Perhaps in his remote kingdom he heard legends of a land in which gingerbread, muesli, pizza, chocolate, etc, grow on trees, in which the choicest of all fruits are freely offered to any possum with the fortitude to strut up and pluck them from the branches of the fearsome Human Food Trees. So far, Olaf has only mustered up the courage to grabble apple peelings and carrot nubs when the human food trees have disappeared from view, and to once clumsily grabble a piece of apple from the female food tree extended to him on the end of a pole. He really put his weight into the tricky manoeuvre, almost yanking the pole from her hands. [All other possums we've had contact with have opted for a more studied approach, carefully and deftly plucking food from the end of the pole without need for brute force.]

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08/09/06: Queek is taking steps towards independence. When food is offered, he doesn't always let us hold the food for him or stay on Cocoa's back to eat it. He often absconds with it to his own gobbling branch. When he returns to Cocoa, for a moment they do a cute nose sniffing thing.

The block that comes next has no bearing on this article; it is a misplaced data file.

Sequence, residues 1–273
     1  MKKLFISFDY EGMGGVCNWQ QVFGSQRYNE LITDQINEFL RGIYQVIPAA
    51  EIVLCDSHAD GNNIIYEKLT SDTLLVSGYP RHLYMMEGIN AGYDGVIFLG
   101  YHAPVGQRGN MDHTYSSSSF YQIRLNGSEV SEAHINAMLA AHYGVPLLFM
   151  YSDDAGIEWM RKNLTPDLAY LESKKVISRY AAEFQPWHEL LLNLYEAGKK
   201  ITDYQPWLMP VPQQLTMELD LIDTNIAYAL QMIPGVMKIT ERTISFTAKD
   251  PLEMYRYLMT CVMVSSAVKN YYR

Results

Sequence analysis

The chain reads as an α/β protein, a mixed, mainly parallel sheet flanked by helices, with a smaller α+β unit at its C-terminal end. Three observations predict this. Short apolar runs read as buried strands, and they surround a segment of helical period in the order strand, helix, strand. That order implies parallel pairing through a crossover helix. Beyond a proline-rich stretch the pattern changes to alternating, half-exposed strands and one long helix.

On the 6th, Olaf the Marauder came skulking by again, grabbled some birdseed and then disappeared off into the lower recesses of the garden. He was noticeably anxious. The Fierce Draggle-Ear has him on her radar. Later that night, she traced his path, sniffing the places he had been. She appeared to be seriously annoyed.

queek on his own gobbling branch - click to enlarge (september 2006)